from The Cincinnati Enquirer
BY PEGGY O'FARRELL
The number of Ohio residents living in poverty has inched up since 2005, according to a new statewide poll.
Overall, 16 percent of people lived below the federal poverty level in 2007, compared with 14 percent in 2005.
A closer look at the 2007 Ohio Health Issues Poll shows the number of middle-income families shrinking across the state.
The number of adults 30 to 45 living below the poverty level jumped, and the number of upper-income families slid in Southwest Ohio.
Mirroring data from the U.S. Census, the poll also shows more of those lower-income families living in the state's urban areas, while the suburbs remain more affluent.
The Health Foundation of Greater Cincinnati commissioned the poll, which also looks at the number of Ohioans who were uninsured for all or part of 2006 or 2007.
The poll's findings include:
The number of adults ages 30 to 45 living below the poverty level - defined as less than $20,000 a year for a family of four - almost doubled from 2005. In 2007, 16 percent of adults in that age group lived below the poverty level, while it was 9 percent in 2005.
In that age group, the percentage of adults with incomes of $40,000 or higher for a family of four shrunk to 61 percent in 2007 from 73 percent in 2005.
Shiloh Turner, director, health data improvement for the Health Foundation, said the numbers are worrisome.
"You think of that age group, they're at the peak of their earning potential," she said. "It's another indicator that the economy is going in the wrong direction."
Ohio's cities are growing poorer: The number of people below the poverty level in urban communities grew from 13 percent in 2005 to 18 percent in 2007, while the number of higher-income families decreased from 71 percent in 2005 to 59 percent in 2007.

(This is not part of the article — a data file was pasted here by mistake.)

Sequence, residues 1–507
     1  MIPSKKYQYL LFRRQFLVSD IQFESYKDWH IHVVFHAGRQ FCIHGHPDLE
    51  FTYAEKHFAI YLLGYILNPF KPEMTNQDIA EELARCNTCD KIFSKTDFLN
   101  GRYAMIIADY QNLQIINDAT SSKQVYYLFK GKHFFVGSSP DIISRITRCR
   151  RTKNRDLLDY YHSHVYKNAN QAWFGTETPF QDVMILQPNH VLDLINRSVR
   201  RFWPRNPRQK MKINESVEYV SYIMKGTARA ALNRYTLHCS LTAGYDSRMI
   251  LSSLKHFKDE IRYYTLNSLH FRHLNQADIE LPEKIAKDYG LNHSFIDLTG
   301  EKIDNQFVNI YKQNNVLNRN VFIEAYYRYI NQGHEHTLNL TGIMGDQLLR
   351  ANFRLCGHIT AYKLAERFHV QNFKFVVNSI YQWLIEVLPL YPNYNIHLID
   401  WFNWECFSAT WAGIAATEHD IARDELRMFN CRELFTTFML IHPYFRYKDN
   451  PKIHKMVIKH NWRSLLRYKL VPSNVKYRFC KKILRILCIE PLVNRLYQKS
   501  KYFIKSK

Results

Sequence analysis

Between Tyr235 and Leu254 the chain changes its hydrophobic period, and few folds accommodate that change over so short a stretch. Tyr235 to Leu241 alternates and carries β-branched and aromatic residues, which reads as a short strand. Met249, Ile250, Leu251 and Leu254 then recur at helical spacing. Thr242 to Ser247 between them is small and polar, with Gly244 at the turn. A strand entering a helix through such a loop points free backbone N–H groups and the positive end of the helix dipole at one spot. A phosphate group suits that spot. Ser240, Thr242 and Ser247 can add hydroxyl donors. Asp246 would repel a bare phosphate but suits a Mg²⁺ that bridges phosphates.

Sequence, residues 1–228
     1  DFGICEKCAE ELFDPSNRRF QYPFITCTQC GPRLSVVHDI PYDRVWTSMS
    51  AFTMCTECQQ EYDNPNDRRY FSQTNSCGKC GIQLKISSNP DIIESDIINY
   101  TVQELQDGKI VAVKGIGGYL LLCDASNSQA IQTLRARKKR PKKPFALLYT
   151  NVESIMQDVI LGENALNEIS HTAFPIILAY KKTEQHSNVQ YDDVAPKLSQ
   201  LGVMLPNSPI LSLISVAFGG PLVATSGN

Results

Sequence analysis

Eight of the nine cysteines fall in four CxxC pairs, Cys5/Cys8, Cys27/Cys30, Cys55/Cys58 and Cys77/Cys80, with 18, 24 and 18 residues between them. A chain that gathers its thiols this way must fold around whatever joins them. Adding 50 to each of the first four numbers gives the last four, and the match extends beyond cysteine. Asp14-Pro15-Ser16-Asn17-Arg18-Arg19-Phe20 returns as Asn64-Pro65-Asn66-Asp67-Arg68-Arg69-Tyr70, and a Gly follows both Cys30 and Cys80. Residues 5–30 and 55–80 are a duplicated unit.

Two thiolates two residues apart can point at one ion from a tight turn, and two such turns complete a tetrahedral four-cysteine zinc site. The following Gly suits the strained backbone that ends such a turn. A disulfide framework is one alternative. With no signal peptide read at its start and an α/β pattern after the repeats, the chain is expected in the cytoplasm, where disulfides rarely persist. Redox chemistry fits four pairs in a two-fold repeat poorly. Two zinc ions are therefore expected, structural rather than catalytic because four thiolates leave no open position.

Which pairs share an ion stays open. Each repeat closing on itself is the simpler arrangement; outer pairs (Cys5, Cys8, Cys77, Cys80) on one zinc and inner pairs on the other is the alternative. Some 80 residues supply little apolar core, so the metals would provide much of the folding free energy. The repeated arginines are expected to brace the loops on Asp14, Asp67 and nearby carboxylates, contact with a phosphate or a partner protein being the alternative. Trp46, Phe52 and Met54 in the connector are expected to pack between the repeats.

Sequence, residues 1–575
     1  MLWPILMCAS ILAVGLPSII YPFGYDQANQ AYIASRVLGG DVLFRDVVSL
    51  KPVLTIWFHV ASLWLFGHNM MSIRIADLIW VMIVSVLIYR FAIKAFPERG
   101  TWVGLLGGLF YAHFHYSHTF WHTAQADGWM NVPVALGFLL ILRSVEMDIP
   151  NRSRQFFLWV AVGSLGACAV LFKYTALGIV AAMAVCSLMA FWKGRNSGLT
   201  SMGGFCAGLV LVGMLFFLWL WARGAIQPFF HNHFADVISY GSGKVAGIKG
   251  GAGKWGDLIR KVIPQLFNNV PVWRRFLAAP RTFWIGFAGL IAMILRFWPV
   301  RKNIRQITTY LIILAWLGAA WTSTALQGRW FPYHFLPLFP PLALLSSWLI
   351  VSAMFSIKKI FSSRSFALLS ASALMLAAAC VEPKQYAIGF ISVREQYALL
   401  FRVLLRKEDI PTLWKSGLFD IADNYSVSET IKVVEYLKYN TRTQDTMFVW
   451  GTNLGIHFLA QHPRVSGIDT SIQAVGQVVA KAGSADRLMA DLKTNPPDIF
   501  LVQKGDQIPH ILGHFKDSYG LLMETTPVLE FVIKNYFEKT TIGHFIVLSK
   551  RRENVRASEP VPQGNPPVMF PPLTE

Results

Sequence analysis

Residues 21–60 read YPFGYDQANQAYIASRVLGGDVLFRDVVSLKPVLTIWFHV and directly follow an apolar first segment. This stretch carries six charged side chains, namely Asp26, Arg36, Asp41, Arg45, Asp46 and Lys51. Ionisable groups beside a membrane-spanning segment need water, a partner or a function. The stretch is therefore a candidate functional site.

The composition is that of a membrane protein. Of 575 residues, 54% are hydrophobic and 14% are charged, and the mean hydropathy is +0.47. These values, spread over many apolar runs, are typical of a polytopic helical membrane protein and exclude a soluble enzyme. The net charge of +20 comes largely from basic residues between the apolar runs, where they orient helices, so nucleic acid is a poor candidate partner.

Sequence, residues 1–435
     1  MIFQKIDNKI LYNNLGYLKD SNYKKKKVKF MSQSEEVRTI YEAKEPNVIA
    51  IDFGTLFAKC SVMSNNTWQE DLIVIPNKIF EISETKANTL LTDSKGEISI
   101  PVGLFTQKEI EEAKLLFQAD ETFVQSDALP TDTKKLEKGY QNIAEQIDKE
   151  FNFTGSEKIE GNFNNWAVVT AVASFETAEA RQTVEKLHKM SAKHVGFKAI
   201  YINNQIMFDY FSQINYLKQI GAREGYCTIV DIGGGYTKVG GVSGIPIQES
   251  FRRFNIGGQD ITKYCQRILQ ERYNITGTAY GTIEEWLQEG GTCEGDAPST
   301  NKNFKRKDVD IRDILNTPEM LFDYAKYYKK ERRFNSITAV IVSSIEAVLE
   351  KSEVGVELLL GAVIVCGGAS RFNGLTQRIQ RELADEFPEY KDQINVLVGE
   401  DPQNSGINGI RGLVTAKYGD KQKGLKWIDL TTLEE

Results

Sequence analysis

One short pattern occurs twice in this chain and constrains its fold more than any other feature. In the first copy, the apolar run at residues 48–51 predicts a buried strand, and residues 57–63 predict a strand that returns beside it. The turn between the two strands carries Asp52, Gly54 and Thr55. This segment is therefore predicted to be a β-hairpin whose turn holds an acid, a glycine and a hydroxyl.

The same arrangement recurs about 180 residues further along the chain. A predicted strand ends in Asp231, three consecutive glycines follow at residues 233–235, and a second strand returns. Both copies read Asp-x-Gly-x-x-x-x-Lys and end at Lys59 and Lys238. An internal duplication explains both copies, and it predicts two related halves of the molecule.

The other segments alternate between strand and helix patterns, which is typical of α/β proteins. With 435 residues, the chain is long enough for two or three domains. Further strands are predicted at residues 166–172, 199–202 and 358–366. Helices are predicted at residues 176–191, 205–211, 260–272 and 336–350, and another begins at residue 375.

In suburban communities, the number of people below the poverty level decreased from 13 percent in 2005 to 9 percent in 2007, while upper-income families increased from 68 percent to 74 percent.
Rural communities also grew slightly wealthier, with the number of residents living below the poverty level declining from 18 percent to 16 percent, while upper-income families grew from 52 percent to 56 percent.
Southeast Ohio remained the state's poorest region. The number of families living below the poverty level grew from 28 percent to 32 percent, while the number of families living at or double the poverty level declined from 30 percent to 24 percent.
Southwest Ohio had the lowest overall percentage of people living below the poverty level at 12 percent. But the percentage of upper-income families declined from 68 percent earning more than $40,000 for a family of four in 2005 to 61 percent in 2007.
The number of poor people living without insurance dipped, then climbed again from 2005 to 2007. In 2005, 33 percent of people living below the poverty level were uninsured, while there were 26 percent in 2006 and 39 percent in 2007.
Overall, women, African-Americans, adults 18 to 29 and people with less than a high school diploma were most likely to live below the poverty level.
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